Dennis Pastrana, the longtime head of Goodwill Industries of South Florida, admitted Monday to criminal charges of secretly reimbursing employees for campaign donations to local politicians.
In a deal worked out in advance with prosecutors, Pastrana pleaded guilty in Miami-Dade County court to one misdemeanor count of making a campaign contribution in the name of another.
The surprising arrest comes two months after Pastrana — credited with turning South Florida’s Goodwill into a thriving multimillion-dollar operation aimed at helping those with special needs — retired after nearly five decades with the nonprofit.
His attorney, Ben Kuehne, said Pastrana was “deeply apologetic.”
“It was his own personal error intended to assist good public officials who serve the community,” Kuehne said.
Pastrana’s abrupt retirement in March came while he was quietly under investigation by Miami-Dade prosecutors and the Florida Department of Law Enforcement. Goodwill immediately named his replacement: David Landsberg, former publisher of The Miami Herald.
As part of the plea deal, Pastrana will be put on house arrest with a GPS ankle monitor for 90 days. He also must contribute $10,000 to a charitable organization, plus another $10,000 to the State Attorney’s Office.
Pastrana, 74, took the plea Monday in the courtroom of Miami-Dade Judge Fred Seraphin.
According to Miami-Dade prosecutors, Pastrana admitted that he asked staffers to contribute to local politicians who had helped Goodwill when the nonprofit was struggling and near collapse.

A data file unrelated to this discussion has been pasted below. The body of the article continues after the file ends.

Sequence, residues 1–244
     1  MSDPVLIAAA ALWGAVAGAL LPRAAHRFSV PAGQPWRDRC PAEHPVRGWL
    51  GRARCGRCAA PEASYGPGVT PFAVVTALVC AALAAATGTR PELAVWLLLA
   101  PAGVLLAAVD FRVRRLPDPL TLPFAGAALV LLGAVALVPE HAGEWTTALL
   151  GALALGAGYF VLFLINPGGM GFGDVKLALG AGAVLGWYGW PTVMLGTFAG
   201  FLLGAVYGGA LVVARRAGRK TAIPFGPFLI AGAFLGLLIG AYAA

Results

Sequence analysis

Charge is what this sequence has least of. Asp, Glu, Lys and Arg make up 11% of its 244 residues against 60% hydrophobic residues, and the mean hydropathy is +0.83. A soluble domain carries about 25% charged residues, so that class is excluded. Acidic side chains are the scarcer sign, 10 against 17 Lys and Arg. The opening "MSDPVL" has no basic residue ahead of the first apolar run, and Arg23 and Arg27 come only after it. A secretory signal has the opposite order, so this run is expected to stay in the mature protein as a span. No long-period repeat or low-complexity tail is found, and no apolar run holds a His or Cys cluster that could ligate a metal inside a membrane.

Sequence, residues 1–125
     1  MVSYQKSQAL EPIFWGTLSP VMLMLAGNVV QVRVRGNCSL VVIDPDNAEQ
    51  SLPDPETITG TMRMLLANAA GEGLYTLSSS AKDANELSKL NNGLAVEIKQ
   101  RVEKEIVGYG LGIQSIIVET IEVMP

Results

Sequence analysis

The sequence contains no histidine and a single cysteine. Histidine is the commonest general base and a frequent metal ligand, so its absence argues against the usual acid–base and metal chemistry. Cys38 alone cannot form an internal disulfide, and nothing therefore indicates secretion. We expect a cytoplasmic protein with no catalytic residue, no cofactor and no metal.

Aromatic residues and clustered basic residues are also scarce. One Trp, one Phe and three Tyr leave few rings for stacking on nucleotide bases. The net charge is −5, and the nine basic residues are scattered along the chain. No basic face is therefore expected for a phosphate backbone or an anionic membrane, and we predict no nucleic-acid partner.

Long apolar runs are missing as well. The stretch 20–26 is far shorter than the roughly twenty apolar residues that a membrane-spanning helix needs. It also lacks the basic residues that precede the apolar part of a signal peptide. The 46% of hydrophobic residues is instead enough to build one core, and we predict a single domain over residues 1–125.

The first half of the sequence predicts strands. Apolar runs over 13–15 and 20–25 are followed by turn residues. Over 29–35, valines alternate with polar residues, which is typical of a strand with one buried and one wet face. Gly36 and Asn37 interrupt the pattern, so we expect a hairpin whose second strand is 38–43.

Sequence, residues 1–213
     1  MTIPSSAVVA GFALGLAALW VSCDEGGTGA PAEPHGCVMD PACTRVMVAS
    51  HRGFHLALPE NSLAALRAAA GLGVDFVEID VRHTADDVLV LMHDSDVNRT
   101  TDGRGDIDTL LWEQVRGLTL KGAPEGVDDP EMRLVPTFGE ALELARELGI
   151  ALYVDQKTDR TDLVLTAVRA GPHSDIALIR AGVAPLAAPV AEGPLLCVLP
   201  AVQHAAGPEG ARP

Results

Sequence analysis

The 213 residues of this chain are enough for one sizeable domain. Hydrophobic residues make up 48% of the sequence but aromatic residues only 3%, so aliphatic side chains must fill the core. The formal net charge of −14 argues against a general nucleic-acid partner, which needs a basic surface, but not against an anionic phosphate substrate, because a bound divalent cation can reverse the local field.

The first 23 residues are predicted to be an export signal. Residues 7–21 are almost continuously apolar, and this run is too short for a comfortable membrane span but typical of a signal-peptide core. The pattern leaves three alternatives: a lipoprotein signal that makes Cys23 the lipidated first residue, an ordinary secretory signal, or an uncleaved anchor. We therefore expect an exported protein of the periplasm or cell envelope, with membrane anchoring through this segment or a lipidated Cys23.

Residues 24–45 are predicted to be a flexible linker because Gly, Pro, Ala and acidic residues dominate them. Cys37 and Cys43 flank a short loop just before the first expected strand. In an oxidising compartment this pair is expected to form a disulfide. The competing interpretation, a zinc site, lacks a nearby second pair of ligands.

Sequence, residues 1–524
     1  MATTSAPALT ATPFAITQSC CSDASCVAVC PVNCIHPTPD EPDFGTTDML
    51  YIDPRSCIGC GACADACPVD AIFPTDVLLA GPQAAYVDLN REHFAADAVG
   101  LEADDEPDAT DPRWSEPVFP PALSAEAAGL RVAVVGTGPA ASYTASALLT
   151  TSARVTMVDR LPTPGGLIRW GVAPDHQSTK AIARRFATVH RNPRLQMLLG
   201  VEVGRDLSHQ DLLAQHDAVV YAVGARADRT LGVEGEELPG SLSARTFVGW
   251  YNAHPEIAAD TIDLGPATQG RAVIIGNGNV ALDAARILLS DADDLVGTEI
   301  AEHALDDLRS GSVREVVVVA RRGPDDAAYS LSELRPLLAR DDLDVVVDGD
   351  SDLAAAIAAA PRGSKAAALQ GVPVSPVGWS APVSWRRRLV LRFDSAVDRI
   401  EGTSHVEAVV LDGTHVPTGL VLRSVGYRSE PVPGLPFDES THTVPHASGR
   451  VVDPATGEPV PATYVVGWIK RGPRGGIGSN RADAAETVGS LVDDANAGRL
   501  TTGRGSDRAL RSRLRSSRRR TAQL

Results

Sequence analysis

He used his own money, not Goodwill’s, to reimburse the employees for $3,000 in donations and expressed remorse over the lapse in judgment, according to authorities. State Attorney’s and FDLE investigators stumbled upon the crime during the course of another public corruption probe.
Investigators pored through financial records and interviewed Goodwill employees, and eventually Pastrana himself.
Founded in 1959, Goodwill Industries of South Florida provides rehabilitation, on-the-job training, work experience, job placement and other services for people with special needs and disabilities.
But by the late 1970s, its donation centers were filthy and its administration was in disarray. It was in the worst shape of any of the branches across the United States, losing about $300,000 each year. The financial woes were so bad that the nonprofit laid off 53 of its severely disabled workers just before Christmas 1978.
Pastrana, who had helmed the Goodwill and Milwaukee and worked for the national headquarters in Washington, was tasked with cleaning up the South Florida operation in 1979.
He cleaned house by replacing key staff, generating new service contracts, developing training programs and renovating rundown thrift shops. He turned the agency’s books from red to black and found job placements for hundreds of people a year.
Today, South Florida’s Goodwill earns nearly $100 million in revenue each year, while employing 2,500 people with special needs and providing programs and services for another 5,000.
Pastrana has helped Goodwill operate 11 businesses, including a new industrial laundry near Liberty City that employs 200 people.
Another major part of its operation: making military apparel and U.S. flags for the government. Goodwill and other organizations that employ people with disabilities came under scrutiny last year for paying some workers less than minimum wage, a gap that’s allowed as part of a federal program.